Design Precognition

I am known to fanboy design firms. Yes, I used fanboy as a verb. Sue me. In any case, the three companies that I most admire, sorted by coolness in descending order are: IDEO, Art. Lebedev Studio, and frog design.

On my bookshelf I had a coffee table book called Frog: Form Follows Emotion, which is sadly, just not very well designed. It does have a lot of design eyecandy, but provides very little information about the design process and philosophy, about the story behind the beautifully designed objects.

The book is already 8 years old, so some of the projects seem dated. It’s still worth a read, especially since it sells for only 65 cents, used, on Amazon.

I was looking through it recently, and found a very interesting picture.

Looks pretty similar to the “table lamp” mac, which itself is pretty dated now, doesn’t it?

Optimus Mini Three Full Review

I once read a book called “The Mouse Driver Chronicles: The True-Life Adventures of Two First-Time Entrepreneurs” about two guys who started their own company with an unorthodox business plan: making a real, physical product and selling it. This happened during the dot com era, when everyone was making money hand over fist with immaterial products: websites, content, synergy and such. At the very most, bits and bytes would overlap with physical world in online stores – you could order something online and get it delivered, but there were very few companies that produced an actual product. Well, there was one place that would send a real dog turd to a recipient of your choice, but they went under and I can’t even find their website. “Brick and Mortar,” a metaphor for physical world (as opposed to online) stores became a pejorative.

So, these two guys embarked on creating a company with a single product: a mouse that is shaped like golf driver and selling it to big novelty stores and catalogs. Very not dot-com. Designing the product was easy: take a golf driver head, slap mouse buttons on it – there it is. Dealing with the manufacturer was a lot more difficult. These days most of electronic products are made in China, and flying there is pretty expensive. You have to deal with the language barrier, timezone shift, and cultural differences, while collaborating on making a physical product. A single miscommunication and a whole batch worth tens of thousands of dollars might be ruined.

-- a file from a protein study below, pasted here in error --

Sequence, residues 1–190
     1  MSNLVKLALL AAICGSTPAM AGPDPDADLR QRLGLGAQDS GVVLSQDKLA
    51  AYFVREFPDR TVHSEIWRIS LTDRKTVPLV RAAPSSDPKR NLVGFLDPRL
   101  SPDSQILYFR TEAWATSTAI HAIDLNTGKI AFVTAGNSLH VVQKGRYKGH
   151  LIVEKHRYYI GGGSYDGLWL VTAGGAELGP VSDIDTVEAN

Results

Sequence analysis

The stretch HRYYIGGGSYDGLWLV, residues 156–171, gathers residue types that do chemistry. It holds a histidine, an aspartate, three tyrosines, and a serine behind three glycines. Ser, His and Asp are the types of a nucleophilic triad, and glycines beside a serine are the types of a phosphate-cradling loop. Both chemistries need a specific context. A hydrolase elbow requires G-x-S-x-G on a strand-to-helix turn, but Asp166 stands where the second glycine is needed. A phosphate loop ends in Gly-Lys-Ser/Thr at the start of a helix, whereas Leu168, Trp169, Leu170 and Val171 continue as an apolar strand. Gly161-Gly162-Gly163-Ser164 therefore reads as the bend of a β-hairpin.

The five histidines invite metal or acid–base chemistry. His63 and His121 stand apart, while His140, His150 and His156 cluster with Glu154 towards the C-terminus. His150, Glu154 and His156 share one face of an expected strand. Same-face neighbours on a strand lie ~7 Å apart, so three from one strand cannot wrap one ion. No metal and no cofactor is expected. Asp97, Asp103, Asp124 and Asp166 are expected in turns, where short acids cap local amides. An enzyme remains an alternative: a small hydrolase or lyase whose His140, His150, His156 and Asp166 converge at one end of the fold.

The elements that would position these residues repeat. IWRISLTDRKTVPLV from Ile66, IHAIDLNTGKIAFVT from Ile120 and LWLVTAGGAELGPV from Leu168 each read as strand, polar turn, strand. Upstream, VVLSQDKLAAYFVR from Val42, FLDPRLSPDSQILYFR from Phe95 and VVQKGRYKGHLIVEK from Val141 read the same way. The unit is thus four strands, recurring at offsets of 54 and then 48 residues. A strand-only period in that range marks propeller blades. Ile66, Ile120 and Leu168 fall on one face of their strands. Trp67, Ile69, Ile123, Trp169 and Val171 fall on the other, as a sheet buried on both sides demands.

This is the reason why so many great product ideas go unrealized. A great example of that is SiliconFilm: a film roll-sized device that would convert your regular SLR into a digital one. Many people would want to buy one, but it’s been a stady winner of Wired’s vaporware awards.

Mousedriver was a simple product: a stock mouse in a slightly different housing. When I’ve heard that Art. Lebedev studio was actually planning to make one an OLED custom input device, Optimus Mini Three, I had my doubts that it would ever become real, but plunked down 100 bucks (a special pre-order price, it’s $160 or so now) and was prepared to get my money back in a year or two. Instead, in less than half a year I got a parcel from Taiwan. Inside was a working Optimus Mini keyboard. A was dumbstruck.

Now, Art. Lebedev Studio is a slightly more serious outfit than the mousedriver guys. It’s a large (about 150 people) design firm lead by a brilliant designer Artemy Lebedev. This guy:

Artemy (aka Tema aka Art.) Lebedev is so notorious in Russian web design scene, that he goes by the moniker “Youknowwho.” The Studio is based in Moscow, with satellite offices in Latvia and Ukraine. Web design is their bread and butter, but lately they’ve been branching out into industrial design. Starting with a funky coffee mug called ColorShift Atmark, they’ve been steadily building their portfolio of actually manufactured objects.